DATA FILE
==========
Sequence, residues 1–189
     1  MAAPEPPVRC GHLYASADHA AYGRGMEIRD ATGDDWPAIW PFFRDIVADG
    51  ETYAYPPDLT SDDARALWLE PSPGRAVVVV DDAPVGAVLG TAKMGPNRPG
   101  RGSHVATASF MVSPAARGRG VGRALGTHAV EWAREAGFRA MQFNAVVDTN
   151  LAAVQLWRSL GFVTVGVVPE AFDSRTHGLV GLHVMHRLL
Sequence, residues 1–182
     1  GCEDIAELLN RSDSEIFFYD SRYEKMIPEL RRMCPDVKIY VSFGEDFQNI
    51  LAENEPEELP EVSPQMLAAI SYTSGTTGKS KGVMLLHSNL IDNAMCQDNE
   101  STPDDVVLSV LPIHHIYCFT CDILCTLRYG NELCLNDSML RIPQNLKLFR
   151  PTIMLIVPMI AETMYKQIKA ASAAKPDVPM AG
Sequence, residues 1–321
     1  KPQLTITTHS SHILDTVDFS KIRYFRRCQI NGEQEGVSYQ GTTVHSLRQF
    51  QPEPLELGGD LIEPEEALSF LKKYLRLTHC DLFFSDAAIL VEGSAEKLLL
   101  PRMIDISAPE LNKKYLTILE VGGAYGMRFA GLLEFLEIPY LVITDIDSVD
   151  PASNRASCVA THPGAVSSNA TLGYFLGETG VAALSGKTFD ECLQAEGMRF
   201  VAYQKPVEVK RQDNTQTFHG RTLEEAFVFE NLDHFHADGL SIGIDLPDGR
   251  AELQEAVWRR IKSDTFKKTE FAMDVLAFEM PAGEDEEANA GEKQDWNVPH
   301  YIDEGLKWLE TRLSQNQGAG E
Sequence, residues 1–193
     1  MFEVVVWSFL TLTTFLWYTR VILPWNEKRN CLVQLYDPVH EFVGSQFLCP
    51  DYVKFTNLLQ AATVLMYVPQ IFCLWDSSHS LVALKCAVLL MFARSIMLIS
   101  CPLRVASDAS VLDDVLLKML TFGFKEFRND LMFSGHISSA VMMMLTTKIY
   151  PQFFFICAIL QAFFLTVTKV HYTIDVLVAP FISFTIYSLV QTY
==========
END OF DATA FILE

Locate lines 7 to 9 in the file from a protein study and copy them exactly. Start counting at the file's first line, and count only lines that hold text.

     1  GCEDIAELLN RSDSEIFFYD SRYEKMIPEL RRMCPDVKIY VSFGEDFQNI
    51  LAENEPEELP EVSPQMLAAI SYTSGTTGKS KGVMLLHSNL IDNAMCQDNE
   101  STPDDVVLSV LPIHHIYCFT CDILCTLRYG NELCLNDSML RIPQNLKLFR